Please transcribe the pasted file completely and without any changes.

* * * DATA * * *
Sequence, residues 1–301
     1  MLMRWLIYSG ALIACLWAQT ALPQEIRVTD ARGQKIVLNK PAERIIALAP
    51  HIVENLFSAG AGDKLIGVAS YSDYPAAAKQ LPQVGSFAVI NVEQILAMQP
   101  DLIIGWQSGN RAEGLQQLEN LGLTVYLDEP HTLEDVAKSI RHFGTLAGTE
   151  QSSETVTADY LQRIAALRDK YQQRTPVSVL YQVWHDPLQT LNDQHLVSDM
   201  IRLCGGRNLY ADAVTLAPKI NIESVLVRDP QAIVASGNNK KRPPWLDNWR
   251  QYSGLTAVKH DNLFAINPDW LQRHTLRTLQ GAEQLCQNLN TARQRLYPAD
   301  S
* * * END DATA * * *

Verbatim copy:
Sequence, residues 1–301
     1  MLMRWLIYSG ALIACLWAQT ALPQEIRVTD ARGQKIVLNK PAERIIALAP
    51  HIVENLFSAG AGDKLIGVAS YSDYPAAAKQ LPQVGSFAVI NVEQILAMQP
   101  DLIIGWQSGN RAEGLQQLEN LGLTVYLDEP HTLEDVAKSI RHFGTLAGTE
   151  QSSETVTADY LQRIAALRDK YQQRTPVSVL YQVWHDPLQT LNDQHLVSDM
   201  IRLCGGRNLY ADAVTLAPKI NIESVLVRDP QAIVASGNNK KRPPWLDNWR
   251  QYSGLTAVKH DNLFAINPDW LQRHTLRTLQ GAEQLCQNLN TARQRLYPAD
   301  S